“I think I was quite naive starting this project. I had just finished at Henrik Vibskov. I was working freelance as a designer. In the beginning, I called every hotel in Paris. I was being very open and naive about the whole thing. I had nothing to lose really. When I look back, I wish I had documented the whole process because I had some really funny interactions.”
Alexandra Hartmann, founder of Hôtel Vetements, continued, “This was a fun, weird adventure for me. It also made a lot of sense, because of how I grew up. My mother made all my clothes. She worked as a stylist back in the day. She had a thing for antique fabrics.”
It was in one of those phone calls that she found out about the auction at Hotel Ritz and eventually recuperated some very beautiful antique embroidered silk fabric, Genoa velour, and more. “Once I had that fabric in my hand, I kind of felt a bit pressured but excited at the same time. I didn’t want to mess it up but I knew I could give new meaning to this beautiful fabric again.”
The vision came about when Alex recuperated some old curtains outside of a hotel in Paris. She wanted to create clothing that captured the symbolism of the hotel experience through meticulous handicraft — this is how Hôtel Vetements came to exist in 2017 as a project and soon became a brand. Things went very fast at first and it was difficult to create slow fashion in a fast paced world.
“The industry had a really hard time understanding what it really meant, they loved the idea but not the restraints. I had to constantly explain how the process was, it is a slow one. You have to be thorough and agile. Also, we couldn’t produce 50 pieces of the same fabric. That is just not what we do. But I think it’s pretty clear by now.”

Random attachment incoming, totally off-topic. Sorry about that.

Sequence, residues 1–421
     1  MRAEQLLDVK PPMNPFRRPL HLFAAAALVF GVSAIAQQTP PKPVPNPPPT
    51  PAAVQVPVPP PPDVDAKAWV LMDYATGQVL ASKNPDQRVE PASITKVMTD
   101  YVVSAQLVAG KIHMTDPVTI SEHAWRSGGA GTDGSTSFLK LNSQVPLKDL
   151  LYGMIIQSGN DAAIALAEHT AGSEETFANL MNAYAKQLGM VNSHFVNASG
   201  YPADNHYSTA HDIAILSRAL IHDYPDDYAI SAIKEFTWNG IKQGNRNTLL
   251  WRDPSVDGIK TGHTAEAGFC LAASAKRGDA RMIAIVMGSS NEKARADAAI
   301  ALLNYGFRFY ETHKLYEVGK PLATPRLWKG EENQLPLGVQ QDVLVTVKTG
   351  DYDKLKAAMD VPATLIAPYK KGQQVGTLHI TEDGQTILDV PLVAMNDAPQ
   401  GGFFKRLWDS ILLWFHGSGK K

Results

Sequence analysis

Today, Hôtel Vetements creates wearable heirlooms from forgotten curtains, upholsteries, handmade embroideries, linens, tablecloths, cotton sheets from Provence, and more. They are not all sourced in hotels of course.
“When we source our fabrics, we look for unique, antique handcrafted pieces of textile that have a story to tell. We work with antique dealers that know what we are looking for. Fabric can be full of restraints and working with it is often a meticulous and long process. It’s like putting together the pieces of a puzzle.”
When asked about a good memory she has, Alex recalled a French velour damask from the 1860s. She has never seen something like that since the encounter.
“The fabric was really thick and soft. The velour felt like fur because of the softness of it. It became the perfect jacket for winter. Sewing that piece almost broke down our sewing machine. Whoever bought that piece is a lucky winner. To be honest, there are some pieces I wish we had kept just for the archive.”
“The atelier in Paris is different from the one in Copenhagen. During the pandemic, we have had to readjust. The atelier in Paris is small, and people who work there have been in the business forever. They are local artisans that have the craft and a know-how that has passed on from generation to generation. I’ve learned a lot from them, and they are like a family to me. The team in Copenhagen is small, they are three new young artisans who bring a fresh perspective. Those people are the best; they come from different backgrounds, love what they do, and have a passion for their craft.”
According to Alex, there are a lot of fabrics and samples in the studios. As much as they try to organize, there always seems to be a little bit of chaos here and there; but she considers that is just part of the process. A relaxed and creative atmosphere is what matters. They always try to maintain a positive mood. This is probably how Hôtel Vetement can create a dreamy, poetic, and delicate French aesthetic with crafted, elegant cuts.
“When I started in 2017, I was a bit alone. All this was very new. I would say that fast fashion brands try to market themselves as sustainable; but in reality, nothing has really drastically changed. A lot of new, small ‘sustainable’ brands have started the movement, which is great. But a lot of them copy each other, and everything starts looking the same. There’s not a lot of space for originality, I think. So, it’s a little boring. Maybe because people get influenced by each other on Instagram. It has become very homogenic. The importance is to remain your own authentic self in the creative process, no one can take that away from you.”
I can’t agree more with what Alex said. Let’s do our best, my fellows.